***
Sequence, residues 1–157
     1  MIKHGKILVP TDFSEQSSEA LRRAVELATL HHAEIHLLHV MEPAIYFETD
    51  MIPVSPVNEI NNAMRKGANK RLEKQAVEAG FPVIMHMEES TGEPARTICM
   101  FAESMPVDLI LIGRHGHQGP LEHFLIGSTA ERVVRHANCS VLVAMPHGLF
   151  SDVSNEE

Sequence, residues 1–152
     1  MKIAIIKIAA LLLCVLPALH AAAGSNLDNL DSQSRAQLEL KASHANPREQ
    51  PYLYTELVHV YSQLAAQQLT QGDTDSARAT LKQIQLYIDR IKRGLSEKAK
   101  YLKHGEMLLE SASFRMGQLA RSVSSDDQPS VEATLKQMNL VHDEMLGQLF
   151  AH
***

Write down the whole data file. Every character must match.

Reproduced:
Sequence, residues 1–157
     1  MIKHGKILVP TDFSEQSSEA LRRAVELATL HHAEIHLLHV MEPAIYFETD
    51  MIPVSPVNEI NNAMRKGANK RLEKQAVEAG FPVIMHMEES TGEPARTICM
   101  FAESMPVDLI LIGRHGHQGP LEHFLIGSTA ERVVRHANCS VLVAMPHGLF
   151  SDVSNEE

Sequence, residues 1–152
     1  MKIAIIKIAA LLLCVLPALH AAAGSNLDNL DSQSRAQLEL KASHANPREQ
    51  PYLYTELVHV YSQLAAQQLT QGDTDSARAT LKQIQLYIDR IKRGLSEKAK
   101  YLKHGEMLLE SASFRMGQLA RSVSSDDQPS VEATLKQMNL VHDEMLGQLF
   151  AH